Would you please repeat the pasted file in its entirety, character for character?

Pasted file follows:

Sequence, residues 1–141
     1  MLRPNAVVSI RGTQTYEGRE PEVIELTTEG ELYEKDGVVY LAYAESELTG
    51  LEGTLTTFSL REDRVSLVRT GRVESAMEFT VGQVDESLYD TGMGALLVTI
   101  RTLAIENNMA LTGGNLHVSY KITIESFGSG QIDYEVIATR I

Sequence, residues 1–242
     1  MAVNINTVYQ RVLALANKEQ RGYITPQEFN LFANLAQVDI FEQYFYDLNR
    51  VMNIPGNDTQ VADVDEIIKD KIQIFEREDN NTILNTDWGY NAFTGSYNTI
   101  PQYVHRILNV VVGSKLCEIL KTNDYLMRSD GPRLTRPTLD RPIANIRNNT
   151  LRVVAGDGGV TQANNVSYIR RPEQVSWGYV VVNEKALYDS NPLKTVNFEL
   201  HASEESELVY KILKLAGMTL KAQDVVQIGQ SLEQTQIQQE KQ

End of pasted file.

Sequence, residues 1–141
     1  MLRPNAVVSI RGTQTYEGRE PEVIELTTEG ELYEKDGVVY LAYAESELTG
    51  LEGTLTTFSL REDRVSLVRT GRVESAMEFT VGQVDESLYD TGMGALLVTI
   101  RTLAIENNMA LTGGNLHVSY KITIESFGSG QIDYEVIATR I

Sequence, residues 1–242
     1  MAVNINTVYQ RVLALANKEQ RGYITPQEFN LFANLAQVDI FEQYFYDLNR
    51  VMNIPGNDTQ VADVDEIIKD KIQIFEREDN NTILNTDWGY NAFTGSYNTI
   101  PQYVHRILNV VVGSKLCEIL KTNDYLMRSD GPRLTRPTLD RPIANIRNNT
   151  LRVVAGDGGV TQANNVSYIR RPEQVSWGYV VVNEKALYDS NPLKTVNFEL
   201  HASEESELVY KILKLAGMTL KAQDVVQIGQ SLEQTQIQQE KQ